More from the ASH abstracts.
This one has kind of a retro feel to it: "Sequential RCHOP, Radioimmunotherapy and Rituximab Maintenance Improves Early Outcomes in Advanced Stage Follicular Lymphoma: 5 Year Outcomes from SWOG 080."
This involves a Phase II clinical study involving 84 patients (at first) with stage 3 or 4 Follicular Lymphoma (or bulky stage 2), who have not yet had any treatment. Patients were first given six rounds of R-CHOP (Rituxan plus the chemo combo CHOP), then followed up with Zevalin (the RadioImmunoTherapy treatment), and then given Rituxan Maintenance for 4 years (once every 3 months).
Before I get to results, a couple of comments. As I said, this one has kind of a "retro feel" to it. Let me explain.
First, all of the big news these days focuses on treatments that are moving away from traditional chemotherapy like CHOP (and CHOP is about as traditional as it gets for Follicular Lymphoma). So it's interesting to see a successful trial involving chemo (and, as you'll see, it was successful). I've certainly expressed the opinion that CHOP trials are kind of outdated, and that resources could be better devoted to other things. But I've also said that CHOP still has a place in our bunch of treatments, and we certainly shouldn't get rid of it. (I'll say one or the other depending on my mood -- I'm fickle that way.) This trial also feels kind of retro because it involves RIT, which might be on its way out as an available treatment.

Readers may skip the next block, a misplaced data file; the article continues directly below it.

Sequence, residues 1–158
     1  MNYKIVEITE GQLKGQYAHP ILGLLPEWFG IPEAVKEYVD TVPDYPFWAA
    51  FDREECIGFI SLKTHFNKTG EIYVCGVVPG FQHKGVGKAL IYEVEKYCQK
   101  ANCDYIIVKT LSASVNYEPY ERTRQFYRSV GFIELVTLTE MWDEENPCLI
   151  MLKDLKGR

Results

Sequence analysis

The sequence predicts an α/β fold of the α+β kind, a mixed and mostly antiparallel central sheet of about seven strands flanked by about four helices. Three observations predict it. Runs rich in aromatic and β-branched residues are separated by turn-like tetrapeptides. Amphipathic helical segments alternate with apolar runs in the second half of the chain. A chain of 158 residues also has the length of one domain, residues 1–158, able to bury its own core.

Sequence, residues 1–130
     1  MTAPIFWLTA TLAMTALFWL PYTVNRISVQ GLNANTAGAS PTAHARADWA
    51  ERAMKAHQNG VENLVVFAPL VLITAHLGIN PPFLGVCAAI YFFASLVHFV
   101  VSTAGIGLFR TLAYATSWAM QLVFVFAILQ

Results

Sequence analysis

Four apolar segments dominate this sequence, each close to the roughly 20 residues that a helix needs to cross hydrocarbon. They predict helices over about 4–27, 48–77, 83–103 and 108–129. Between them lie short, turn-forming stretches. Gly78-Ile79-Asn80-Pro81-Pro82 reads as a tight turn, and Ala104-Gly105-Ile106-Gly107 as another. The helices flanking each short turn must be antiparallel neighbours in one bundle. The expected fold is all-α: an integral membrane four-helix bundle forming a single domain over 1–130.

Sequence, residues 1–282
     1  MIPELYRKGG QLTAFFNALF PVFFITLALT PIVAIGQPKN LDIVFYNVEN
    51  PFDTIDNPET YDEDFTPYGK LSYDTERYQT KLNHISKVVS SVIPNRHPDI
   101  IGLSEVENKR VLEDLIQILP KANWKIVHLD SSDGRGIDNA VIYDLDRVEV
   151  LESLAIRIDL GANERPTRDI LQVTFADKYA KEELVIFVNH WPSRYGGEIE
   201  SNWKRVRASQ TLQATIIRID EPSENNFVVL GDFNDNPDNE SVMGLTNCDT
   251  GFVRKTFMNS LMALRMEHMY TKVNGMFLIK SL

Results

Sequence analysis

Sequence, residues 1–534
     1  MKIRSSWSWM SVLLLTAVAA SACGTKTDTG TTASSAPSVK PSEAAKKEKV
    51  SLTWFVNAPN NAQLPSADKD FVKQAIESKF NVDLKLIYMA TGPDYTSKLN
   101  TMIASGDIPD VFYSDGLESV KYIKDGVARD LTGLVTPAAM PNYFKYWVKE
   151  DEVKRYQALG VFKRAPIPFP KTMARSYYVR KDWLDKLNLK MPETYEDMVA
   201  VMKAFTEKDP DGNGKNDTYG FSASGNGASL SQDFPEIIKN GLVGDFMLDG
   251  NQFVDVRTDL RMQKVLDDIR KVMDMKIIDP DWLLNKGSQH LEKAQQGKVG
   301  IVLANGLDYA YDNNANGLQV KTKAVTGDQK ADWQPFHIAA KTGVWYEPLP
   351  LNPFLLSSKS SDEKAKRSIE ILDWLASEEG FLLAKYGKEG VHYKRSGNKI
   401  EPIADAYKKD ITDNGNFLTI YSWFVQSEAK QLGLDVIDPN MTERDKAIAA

And finally, it feels kind of retro because I remember getting very excited, years ago, about a study that looked at R-CHOP and RIT (no maintenance) that was successful, and the researchers thought it was successful because the lymphoma was being attacked in 3 different ways. That combination approach always made sense to me -- cancer is too tricky to expect one treatment to wipe it out.
And this particular combination worked pretty dang well.
84 patients went through the R-CHOP and RIT. 59 of them had a Complete Response and 23 had a Partial Response, for an Overall Response Rate of 99%.
69 of those patients went through the last step and had Rituxan Maintenance, with 42 completing the full 4 years. The Overall Survival after 3 years is 96%, and after 5 years it's 94%.
Patients at various points in the trial experienced a variety of side effects, as they detail in the abstract. They had the most patients drop out of the trial during the Maintenance phase; they think 4 years is just too much time to be taking Rituxan.
But overall, those are some pretty good numbers. The researchers think this approach (RCHOP + RIT) could work well with "precision strategies" (which I assume are things like pathway inhibitors and immunotherapy), as a way of halting more high-risk lymphoma early on, with (I am guessing) those precision strategies to manage it from there.
So here's to retro treatments -- they still have a lot to offer us. Maybe this could be one of the many studies that show that RIT is worth saving?